Tuesday, February 3, 2009

Microchip blamed for dogs' death

Dog Bleeds To Death After
Microchip Implant

A fluffy bundle of life, love, and enthusiasm named Charlie Brown was laid to rest last week, the victim of a microchip implant gone horribly wrong. The long-haired, purebred Chihuahua bled to death in the arms of his distraught owners, Lori and Ed Ginsberg of Agua Dulce, California, just hours after undergoing the controversial chipping procedure.

Dr. Reid Loken, the board certified veterinarian who performed the chipping, confirmed on Friday that Charlie died from blood loss associated with the microchip. He cited "an extreme amount of bleeding" from the "little hole in the skin where the [microchip implant] needle went in" as the cause of death. He said he was both saddened and puzzled by Charlie's death.
The Ginsbergs were quick to absolve Dr. Loken of responsibility for Charlie's death. "He's a great vet and this was not his fault. The real blame is with the people who forced us to implant our dog against our better judgment," they said.


  1. I hope they find out the details of this. My dogs didn't bleed at all. I wonder if the Vet nicked a vein or artery or something... this just sounds bizarre.

    Perhaps an underlying clotting disorder?

    And what's the deal with forced chipping? Who does that?... going to read article.

    Hrm, LA has a mandatory chipping law and the dog survived neutering and teeth extraction procedures before. I wonder if they did a necropsy.

    I know that at least one of my dog's chips has moved as I felt it under her armpit while giving her a bath. Not too happy about that since it just might not show up on a scan or end up where it could be a problem, like further down her arm.

    Not a perfect technology, for sure.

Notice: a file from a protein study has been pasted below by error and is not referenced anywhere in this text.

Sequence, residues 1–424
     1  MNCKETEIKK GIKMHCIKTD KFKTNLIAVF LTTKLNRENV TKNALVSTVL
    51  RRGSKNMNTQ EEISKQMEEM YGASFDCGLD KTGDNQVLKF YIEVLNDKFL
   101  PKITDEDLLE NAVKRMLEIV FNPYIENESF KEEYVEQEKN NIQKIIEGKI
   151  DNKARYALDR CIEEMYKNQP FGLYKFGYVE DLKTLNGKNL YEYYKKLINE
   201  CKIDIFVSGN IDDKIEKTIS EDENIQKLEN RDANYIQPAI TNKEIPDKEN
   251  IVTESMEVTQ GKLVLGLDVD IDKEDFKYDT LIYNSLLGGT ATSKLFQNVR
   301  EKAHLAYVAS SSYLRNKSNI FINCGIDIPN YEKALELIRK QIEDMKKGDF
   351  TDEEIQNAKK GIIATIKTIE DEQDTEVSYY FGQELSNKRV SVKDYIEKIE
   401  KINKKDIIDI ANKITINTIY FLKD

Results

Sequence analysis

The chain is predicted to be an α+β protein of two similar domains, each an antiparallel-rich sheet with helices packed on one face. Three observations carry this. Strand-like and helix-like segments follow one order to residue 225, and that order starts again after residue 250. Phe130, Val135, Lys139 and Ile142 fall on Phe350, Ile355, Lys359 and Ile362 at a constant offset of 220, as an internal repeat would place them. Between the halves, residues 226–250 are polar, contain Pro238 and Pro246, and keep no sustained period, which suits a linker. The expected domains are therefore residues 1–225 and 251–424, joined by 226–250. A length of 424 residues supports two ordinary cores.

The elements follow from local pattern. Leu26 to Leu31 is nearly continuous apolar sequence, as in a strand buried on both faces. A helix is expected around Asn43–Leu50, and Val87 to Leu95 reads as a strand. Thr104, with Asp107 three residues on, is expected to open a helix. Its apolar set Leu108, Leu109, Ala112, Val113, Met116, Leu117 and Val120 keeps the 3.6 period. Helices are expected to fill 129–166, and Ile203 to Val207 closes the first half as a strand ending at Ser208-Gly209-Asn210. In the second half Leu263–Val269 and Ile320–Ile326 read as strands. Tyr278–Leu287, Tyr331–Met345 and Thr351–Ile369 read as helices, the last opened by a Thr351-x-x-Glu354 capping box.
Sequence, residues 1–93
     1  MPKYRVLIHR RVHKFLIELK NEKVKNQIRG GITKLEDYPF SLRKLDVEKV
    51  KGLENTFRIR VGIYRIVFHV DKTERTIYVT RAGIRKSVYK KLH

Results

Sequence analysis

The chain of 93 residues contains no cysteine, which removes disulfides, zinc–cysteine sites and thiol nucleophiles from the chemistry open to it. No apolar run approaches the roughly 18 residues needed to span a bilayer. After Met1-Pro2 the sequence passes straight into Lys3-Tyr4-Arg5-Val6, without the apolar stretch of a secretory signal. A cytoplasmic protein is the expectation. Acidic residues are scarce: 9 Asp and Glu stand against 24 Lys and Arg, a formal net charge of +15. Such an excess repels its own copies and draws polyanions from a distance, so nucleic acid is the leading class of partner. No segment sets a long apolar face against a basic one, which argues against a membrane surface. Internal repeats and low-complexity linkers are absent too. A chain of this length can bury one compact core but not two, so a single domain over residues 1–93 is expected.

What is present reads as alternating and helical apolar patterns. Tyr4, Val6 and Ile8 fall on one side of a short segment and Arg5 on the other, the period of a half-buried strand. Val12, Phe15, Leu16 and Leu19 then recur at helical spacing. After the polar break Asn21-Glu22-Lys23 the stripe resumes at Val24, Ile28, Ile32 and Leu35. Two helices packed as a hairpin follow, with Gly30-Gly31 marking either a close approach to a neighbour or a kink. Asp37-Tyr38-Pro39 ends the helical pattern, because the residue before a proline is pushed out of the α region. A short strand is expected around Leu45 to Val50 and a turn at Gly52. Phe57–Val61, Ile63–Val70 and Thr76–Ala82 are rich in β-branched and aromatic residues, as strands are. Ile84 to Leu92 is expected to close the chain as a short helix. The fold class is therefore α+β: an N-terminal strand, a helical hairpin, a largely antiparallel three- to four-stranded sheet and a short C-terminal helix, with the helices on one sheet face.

2. A while back they attempted to stop the chip migration problem with a special coating, that was then implicated in carcinomas. I'll have to look for the link to that report.

    Here is Albrechts' study .

  3. That is so sad. This was the first time I ever heard of anything bad happening with a microchip.

    We had our dogs microchipped with no problems. But man! that needle is HUGE!...lol.

    I think the microchip is a good thing, if your dog gets lost, but also, the person who finds your dog, has to know about microchipping. Otherwise, it serves no purpose.

    I know that on Army Military Posts, it's mandatory to have your dog(s) microchipped. But they really don't check on them.

  4. That is the way it is with governments. They can make an infinite number of regulations, knowing that they can never enforce the vast majority of them, and knowing that the average citizen will never be able to comply with all of them.

    So, they can use the regulations to fine and imprison pretty much anyone, at any time.

    It's a win-win for government. A lose-lose for the rest of us.

    People that worry about their pets getting lost will microchip, regulation or no regulation.